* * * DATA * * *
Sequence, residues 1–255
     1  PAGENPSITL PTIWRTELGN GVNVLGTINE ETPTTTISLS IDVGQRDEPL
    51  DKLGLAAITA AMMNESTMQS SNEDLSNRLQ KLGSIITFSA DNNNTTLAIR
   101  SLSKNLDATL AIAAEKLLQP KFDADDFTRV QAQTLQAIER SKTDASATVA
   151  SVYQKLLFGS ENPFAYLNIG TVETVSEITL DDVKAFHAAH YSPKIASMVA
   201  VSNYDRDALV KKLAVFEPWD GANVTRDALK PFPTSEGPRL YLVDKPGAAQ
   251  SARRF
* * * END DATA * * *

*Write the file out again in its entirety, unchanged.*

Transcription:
Sequence, residues 1–255
     1  PAGENPSITL PTIWRTELGN GVNVLGTINE ETPTTTISLS IDVGQRDEPL
    51  DKLGLAAITA AMMNESTMQS SNEDLSNRLQ KLGSIITFSA DNNNTTLAIR
   101  SLSKNLDATL AIAAEKLLQP KFDADDFTRV QAQTLQAIER SKTDASATVA
   151  SVYQKLLFGS ENPFAYLNIG TVETVSEITL DDVKAFHAAH YSPKIASMVA
   201  VSNYDRDALV KKLAVFEPWD GANVTRDALK PFPTSEGPRL YLVDKPGAAQ
   251  SARRF